Tin Ore mineral deposit was discovered in Nigeria, West Africa by Sir William Wallace in the year 1884, who was as of then works with the National African Company. Tin was and is still being produced by the natives of Plateau, Abuja, and Bauchi State.
The estimated Tin reserve in Nigeria is believed and expected to help in the promotion of the country’s economy even without the exploitation of crude oil which has captivated the mind of the government.
Tin is also known as Cassiterite, Cassiterite (SnO2) is characterized as a reddish, brownish, or yellowish mineral that consists of an oxide of tin mineral (tin dioxide) and is the principal source or ore of Tin.
Tin has a symbol of Sn and is located in group 14 of the periodic table, it is also the main group metal with a melting point of 232 °C and a boiling point of 2,603 °C.
It is opaque in appearance, but semi-transparent in thin crystals; It is characterized as a silvery-white metal that is malleable, ductile, and highly crystalline, in terms of abundance it is ranked the 49th most abundant element on earth.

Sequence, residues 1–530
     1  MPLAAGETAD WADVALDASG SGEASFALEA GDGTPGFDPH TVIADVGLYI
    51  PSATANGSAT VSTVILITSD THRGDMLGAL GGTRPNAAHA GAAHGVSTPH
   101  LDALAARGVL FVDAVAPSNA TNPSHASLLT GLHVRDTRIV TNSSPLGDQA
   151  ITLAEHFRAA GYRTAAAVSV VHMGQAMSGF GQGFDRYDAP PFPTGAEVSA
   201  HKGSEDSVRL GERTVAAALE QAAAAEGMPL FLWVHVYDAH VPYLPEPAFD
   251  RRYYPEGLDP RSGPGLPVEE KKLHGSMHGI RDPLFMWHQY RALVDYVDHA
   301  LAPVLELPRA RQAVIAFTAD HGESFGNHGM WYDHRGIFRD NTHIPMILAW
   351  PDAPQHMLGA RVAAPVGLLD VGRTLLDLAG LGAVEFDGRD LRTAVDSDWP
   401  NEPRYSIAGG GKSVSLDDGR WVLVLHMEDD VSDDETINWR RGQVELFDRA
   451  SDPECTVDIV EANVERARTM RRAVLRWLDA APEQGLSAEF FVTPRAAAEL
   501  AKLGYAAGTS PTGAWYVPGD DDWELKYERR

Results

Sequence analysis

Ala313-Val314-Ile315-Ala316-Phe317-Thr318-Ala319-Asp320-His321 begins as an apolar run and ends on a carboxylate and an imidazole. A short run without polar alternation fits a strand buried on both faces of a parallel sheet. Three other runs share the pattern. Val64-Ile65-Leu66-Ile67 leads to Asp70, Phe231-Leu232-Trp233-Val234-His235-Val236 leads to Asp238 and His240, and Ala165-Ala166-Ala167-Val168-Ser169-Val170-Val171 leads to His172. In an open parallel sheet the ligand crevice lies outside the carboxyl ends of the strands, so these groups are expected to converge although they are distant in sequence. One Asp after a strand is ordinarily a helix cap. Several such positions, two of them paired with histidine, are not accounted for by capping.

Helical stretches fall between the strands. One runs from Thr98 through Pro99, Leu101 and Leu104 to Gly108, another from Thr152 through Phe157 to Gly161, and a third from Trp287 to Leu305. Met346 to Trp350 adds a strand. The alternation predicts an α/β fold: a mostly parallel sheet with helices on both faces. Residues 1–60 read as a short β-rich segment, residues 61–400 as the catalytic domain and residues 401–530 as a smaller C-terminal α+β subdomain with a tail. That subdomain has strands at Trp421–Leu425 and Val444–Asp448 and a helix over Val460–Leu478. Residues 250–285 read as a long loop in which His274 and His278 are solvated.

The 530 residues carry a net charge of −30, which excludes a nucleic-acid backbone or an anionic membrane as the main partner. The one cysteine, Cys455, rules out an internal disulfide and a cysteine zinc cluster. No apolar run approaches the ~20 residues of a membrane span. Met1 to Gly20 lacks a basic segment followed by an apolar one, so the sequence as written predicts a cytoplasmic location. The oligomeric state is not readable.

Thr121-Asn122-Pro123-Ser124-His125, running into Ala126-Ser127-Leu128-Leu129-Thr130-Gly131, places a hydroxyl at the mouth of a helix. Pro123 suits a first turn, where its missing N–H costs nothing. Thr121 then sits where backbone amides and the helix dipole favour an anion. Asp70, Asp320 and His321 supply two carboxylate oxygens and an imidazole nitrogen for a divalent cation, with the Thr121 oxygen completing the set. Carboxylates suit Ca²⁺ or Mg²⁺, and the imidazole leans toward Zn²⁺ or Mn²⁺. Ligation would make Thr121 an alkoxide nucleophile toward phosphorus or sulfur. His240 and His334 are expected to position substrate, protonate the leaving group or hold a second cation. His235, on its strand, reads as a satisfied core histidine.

The mining of tin is not as difficult as some of the natural solid minerals, it's easy because it is mined from the vein containing tin ore. Production of tin is carried out by carbothermic reduction of the oxide ore with carbon or coke.
In the early 1900s, Nigeria was well known in tin mining and was the second Tin producing country in the world, with Russia been at the lead but because of some much distraction by crude oil, Nigeria is currently in the 13th position globally and in Africa, is ranked 3rd with an estimation of 570 Metric tons after Congo DR and Rwanda respectively.
Uses of Tin